1. THE SHUTTERED SOCIETY: ART PHOTOGRAPHY IN THE GDR, 1949–1989
Think of photography in the DDR, and you probably think of party-line-towing pictures, arranged under strict guidelines and served as propaganda. Converse to this assumption, Geschlossene Gesellschaft (Shuttered Society) exhibits the work of over thirty portrait, documentary and experimental photographers. We see a different prospect on the ‘other side’ of the Iron Curtain, where political, cultural and technical conditions create a certain character as much the regional particularities. The photographers of the German Democratic Republic first saw their task in documenting social events and the life of their society, and these give a picture of both life in the postwar period and in the GDR. In the following chapter, photographers embraced the visual language of the 1920s, yet did not have the possibilities to publish their works. It was not until the mid-1970s that photographers dedicated themselves in formal and aesthetic forms of expression, and the search for experimental expression of art photography took its course.
Berlinische Galerie Landesmuseum für Moderne Kunst, Fotografie und Architektur, 10969 Berlin; 5 October 2012 – 28 January 2013
2. DIVIDED HEAVEN: THE COLLECTION 1945–1968
Divided Heaven is the consequent continuation of the exhibition about the art in the 20th century from the collection of Nationalgalerie Berlin. Separated in different rooms but temporally overlapping, ideas of art in the time of the postwar period and the Cold War are presented in this exhibition to show the “contemporaneity of the non-contemporaneous”. The ideal picture of men, the immovable self-confidence, got ripped in the face of destruction, genocide and endless suffering engendered by humans. The different art movements developed after that are presented standing in contrast to each other. In the West, a continuing abstraction in art prevailed, that questioned all forms of expression and the painting itself. Should art have a message at all or should it exist only in cause of itself? The diverse positions that are shown in this exhibition see themselves confronted with the art of the East. Its figurative expression was the declaration of the individual that became the point where all things were measured. “The art of the West is too decadent”, the eastern state propaganda announced. Beuys vs Warhol, Mao vs Elvis. This exhibition is conspicuous by its versatility and there could be no better place for this exhibition than the Neue Nationalgalerie, not least Mies Van der Rohe’s architecture, being the result of the development in art until the construction of this exhibition space. Allow extra time.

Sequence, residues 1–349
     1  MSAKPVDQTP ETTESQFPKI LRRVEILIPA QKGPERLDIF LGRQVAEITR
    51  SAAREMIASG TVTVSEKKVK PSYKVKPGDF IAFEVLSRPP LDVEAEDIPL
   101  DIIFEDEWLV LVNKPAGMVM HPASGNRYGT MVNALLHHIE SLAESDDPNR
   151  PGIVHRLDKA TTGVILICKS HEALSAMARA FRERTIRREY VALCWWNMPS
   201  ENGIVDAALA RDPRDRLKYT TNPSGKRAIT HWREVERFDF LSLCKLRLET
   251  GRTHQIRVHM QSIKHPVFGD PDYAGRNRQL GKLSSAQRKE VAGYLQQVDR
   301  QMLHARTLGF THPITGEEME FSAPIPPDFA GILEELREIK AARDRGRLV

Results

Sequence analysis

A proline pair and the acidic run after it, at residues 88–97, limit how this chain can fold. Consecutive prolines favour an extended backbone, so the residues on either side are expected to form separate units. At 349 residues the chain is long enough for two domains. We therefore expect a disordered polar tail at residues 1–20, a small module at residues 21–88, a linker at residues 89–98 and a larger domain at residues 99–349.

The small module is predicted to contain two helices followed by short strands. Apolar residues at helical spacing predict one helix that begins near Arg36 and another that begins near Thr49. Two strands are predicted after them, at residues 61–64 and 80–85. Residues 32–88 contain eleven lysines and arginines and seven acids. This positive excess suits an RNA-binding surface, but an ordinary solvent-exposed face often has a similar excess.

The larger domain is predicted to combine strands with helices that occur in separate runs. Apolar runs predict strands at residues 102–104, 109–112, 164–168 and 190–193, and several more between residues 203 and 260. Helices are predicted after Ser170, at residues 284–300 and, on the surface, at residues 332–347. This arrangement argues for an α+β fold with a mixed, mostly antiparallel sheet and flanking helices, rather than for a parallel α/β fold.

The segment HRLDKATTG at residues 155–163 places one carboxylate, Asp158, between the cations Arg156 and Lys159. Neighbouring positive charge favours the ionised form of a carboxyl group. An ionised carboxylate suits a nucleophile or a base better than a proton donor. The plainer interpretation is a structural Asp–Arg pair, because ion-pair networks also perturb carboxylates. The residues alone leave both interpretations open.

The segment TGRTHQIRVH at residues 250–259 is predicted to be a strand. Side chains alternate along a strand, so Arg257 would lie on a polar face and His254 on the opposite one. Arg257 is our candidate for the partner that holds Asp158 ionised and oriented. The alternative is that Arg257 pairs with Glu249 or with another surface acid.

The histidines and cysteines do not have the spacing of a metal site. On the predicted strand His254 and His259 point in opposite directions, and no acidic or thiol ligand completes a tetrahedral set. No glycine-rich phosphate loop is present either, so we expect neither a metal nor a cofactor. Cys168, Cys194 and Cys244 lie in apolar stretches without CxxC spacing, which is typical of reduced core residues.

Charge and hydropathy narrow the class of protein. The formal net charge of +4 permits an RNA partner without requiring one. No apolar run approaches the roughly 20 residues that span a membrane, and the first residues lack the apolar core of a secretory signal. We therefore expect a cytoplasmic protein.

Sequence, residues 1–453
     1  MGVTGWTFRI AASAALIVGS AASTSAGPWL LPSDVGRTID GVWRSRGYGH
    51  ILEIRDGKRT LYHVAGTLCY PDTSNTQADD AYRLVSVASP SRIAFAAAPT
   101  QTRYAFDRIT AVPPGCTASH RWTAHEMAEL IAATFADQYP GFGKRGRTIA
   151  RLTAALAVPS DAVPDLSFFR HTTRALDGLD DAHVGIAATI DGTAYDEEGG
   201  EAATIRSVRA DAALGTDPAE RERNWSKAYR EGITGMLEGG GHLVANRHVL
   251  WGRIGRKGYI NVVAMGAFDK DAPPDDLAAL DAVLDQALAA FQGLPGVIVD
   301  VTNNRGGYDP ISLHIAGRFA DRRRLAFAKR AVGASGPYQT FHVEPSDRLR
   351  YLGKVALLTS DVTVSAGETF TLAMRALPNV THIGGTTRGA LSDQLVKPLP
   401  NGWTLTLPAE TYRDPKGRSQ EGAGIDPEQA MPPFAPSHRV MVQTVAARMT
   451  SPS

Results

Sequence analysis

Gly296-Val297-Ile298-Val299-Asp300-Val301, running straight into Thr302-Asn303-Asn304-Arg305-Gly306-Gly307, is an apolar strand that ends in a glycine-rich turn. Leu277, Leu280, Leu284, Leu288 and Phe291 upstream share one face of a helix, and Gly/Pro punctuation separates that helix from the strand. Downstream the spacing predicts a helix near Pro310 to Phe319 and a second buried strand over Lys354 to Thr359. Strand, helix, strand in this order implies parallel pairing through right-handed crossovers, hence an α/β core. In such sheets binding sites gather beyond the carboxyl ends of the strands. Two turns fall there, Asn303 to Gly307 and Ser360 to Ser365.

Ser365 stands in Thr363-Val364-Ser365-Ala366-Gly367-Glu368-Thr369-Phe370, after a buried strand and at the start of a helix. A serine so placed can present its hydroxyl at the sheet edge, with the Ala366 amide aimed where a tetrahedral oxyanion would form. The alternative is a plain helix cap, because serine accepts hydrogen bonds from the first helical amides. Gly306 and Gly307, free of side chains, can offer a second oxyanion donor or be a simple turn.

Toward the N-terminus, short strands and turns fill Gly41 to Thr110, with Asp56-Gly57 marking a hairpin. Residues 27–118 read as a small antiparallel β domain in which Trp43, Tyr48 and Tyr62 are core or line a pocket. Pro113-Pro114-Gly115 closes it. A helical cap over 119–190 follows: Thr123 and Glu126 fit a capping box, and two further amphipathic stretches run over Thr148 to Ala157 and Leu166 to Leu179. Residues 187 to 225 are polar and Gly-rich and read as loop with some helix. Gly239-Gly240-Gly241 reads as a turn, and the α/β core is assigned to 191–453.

Neue Nationalgalerie, 10785 Berlin; 11 November 2011 – 31 July 2013
3. LARS TUNBJÖRK: VINTER
Cold, snow covered landscapes and just a little daylight. This is the winter in Sweden. The photos made by Lars Tunbjörk were primarily a way for him to overcome the depressions during this time of the year. They show a picture of a country that is in the strong hand of darkness and cold, and Tunbjörk gives us a melancholic view of people coping with the dark season. Sometimes humorous and sometimes ironic character, these images could only be taken a Scandinavian; one who knows all too well the attitude towards life in an endless night.
Swedish Photography, 10243 Berlin; 20 October – 15 December 2012
4. RÉNE GROEBLI: THE EYE OF LOVE
After training as a photographer and cameraman, René Groebli initially worked as a photo reporter for various international magazines. The photographer and his wife Rita took their honeymoon in 1953 and travelled to France, where he created images of poetic beauty. Das Auge der Liebe (The Eye of Love) reveals the photographer’s loving and tender view of his wife, a gaze of desire and admiration. In his declaration of love to Rita, René created a timeless work.
Pinter & Milch | Galerie für Fotografie, 10119 Berlin; 10 November – 8 December 2012
6. KATRIN KORFMANN ‘KOLORIT’
On the occasion of the European Month of Photography in Berlin, Kai Hilgemanns gallery presents new photographic works entitled ‘Kolorit’ by the German artist Katrin Korfmann – a recent winner of the RADO STAR PRIZE SWITZERLAND 2012. Kolorit refers to the combination, shadow and composition of various colours in a painting or photograph, but the word is also used as a metaphor to describe a culture or lifestyle in a foreign place. This three-part body of work is the result of a trip to India earlier in 2012 where she documents the Hindu ritual known as the Holi Festival. The event is a celebration of colour and the welcoming of the new spring season. The iconic tradition sees thousands of people catapult pigmented powder and perfume at one another. The photographs capture the compelling detail exploding from each scene – seizing the infectious energy, vitality and spirit which is so unique to the tradition.